Do yourself a favor and wear a life jacket and review the principle. Victims that have been in cold water require different CPR techniques. The Cold Water Boot Camp USA projects have prompted the development of cutting edge rescue techniques and medical procedures geared toward victims that have been exposed to cold water. The skills covered in Rescue, Recover, Rewarm are vital to first responders to minimize fatalities and severe long term effects. Many victims drown just feet from safety. When a victim sees the shore and thinks they are safe, their body stops releasing adrenaline.
Unfortunately, without that adrenaline, their body sometimes freezes up and they literally cannot move another inch. In many of these cases, the victim drowns simply because they thought they had reached safety. Many of our boot-campers experience this when they reach the shore and find themselves unable to move.
This is an example of how the skills covered in Rescue, Recover, Rewarm can be used by responders to save lives.
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Even good swimmers drown. When exposed to cold water, people in great shape that are amazing swimmers experience the gasping, the shock, the inability to move, and the potential to drown. All of our boot-campers were chosen for their above average knowledge of cold water safety and their above average physical conditions and swimming skills. All that and they still had the same problems that many victims experience.
Cold Water Hazards and Safety
Share in their experiences while staying dry! I learned this the hard way when doing the Alcatraz swim in 52 degree water with a sleeveless, Farmer John-style suit.
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By the time I finished, I was in the early stages of frostbite. Keep in mind that, according to USA Triathlon rules, wetsuits are allowed at triathlons with water temperatures of 75 degrees Fahrenheit or below. Put in earplugs. When the water drops below 60 degrees, I think earplugs become necessary—and they do work well in keeping your core temperature up.
Practice swimming in cold water in the weeks before your race. At first, it can be a shock to your system that can lead to hyperventilating or a panicked feeling. You will want to swim slowly until you catch your breath.
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The first time you experience this it can throw you off, but with practice you will get used to it and be able to relax into your swim. Do a significant warm-up the morning of your race 10 to 15 minutes, minimum.
This will minimize the shock effect that cold water can have and allow you to get into a stroke rhythm much faster. Blow bubbles before taking off on your swim. When the cold water hits your face, the shock causes your lungs to contract, causing breathing problems. Go waist deep into the water and submerge your face to blow bubbles.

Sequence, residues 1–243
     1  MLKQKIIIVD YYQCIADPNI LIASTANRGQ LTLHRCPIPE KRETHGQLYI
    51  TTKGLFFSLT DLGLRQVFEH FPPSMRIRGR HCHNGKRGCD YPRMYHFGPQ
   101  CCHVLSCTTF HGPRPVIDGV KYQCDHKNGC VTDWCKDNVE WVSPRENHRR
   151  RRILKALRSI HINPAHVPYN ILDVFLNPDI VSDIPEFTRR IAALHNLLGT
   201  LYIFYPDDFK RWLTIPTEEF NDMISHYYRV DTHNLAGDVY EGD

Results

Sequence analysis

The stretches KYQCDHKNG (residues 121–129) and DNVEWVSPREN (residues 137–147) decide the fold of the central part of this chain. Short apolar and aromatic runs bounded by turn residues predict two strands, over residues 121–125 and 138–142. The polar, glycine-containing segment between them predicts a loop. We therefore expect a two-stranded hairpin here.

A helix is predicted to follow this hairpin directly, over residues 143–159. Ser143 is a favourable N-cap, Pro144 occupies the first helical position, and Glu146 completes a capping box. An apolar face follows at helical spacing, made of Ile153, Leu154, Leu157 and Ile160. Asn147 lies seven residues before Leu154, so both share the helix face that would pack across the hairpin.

This helps alleviate the shock of the cold water. Use these tips not only to help your body tolerate cold water swimming, but to use it to your advantage and gain a leg up on your competition. Kevin operates the website www. The site features a free email newsletter offering tips and articles on triathlon swimming.
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Kevin has also written an electronic book titled The Complete Guide to Triathlon Swimming which is sold on his website in downloadable form. More Fitness And Swimming Articles. This is also one of the benefits of heated suits — when your core is warm, your body feels less need to shut off blood flow, so your feet stay warm and functioning for longer.
Spending a lot of time in cold water and strong winds is pretty disastrous for your skin and lips.
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No-one likes dry cracked lips, so do yourself a favour and rub in a liberal amount of moisturiser — the thicker and denser the better — before your session. Winter normally brings bigger and better waves — why else would you brave the hypothermia and ice-cream headaches? Pick something a little bigger and with more volume than your normal summer board, and your sessions will involve more stoke and less beatdowns.
Keep moving. Race to make it over the top of cleanup sets and try to avoid duck diving as much as possible. Surfing in really cold water is very tiring, as your body expends a lot of energy trying to stay warm. Head in while you still have some energy left to navigate the shore break. Always surf with a buddy, and keep an eye on each other. Watch out for signs of hypothermia. Try filling a big water bottle with boiling water before you leave the house.
Organise your towel and clothes before getting in the water, so everything is at hand in the right order to pull on quickly.